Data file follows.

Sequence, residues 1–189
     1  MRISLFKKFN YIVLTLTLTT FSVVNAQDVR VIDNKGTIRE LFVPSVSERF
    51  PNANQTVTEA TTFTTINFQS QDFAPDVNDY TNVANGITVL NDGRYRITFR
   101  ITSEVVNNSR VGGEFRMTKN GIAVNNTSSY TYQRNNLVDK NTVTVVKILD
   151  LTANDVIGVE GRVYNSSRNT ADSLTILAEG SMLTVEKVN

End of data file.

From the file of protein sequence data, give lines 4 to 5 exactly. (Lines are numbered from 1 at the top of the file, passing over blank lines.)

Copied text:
   101  ITSEVVNNSR VGGEFRMTKN GIAVNNTSSY TYQRNNLVDK NTVTVVKILD
   151  LTANDVIGVE GRVYNSSRNT ADSLTILAEG SMLTVEKVN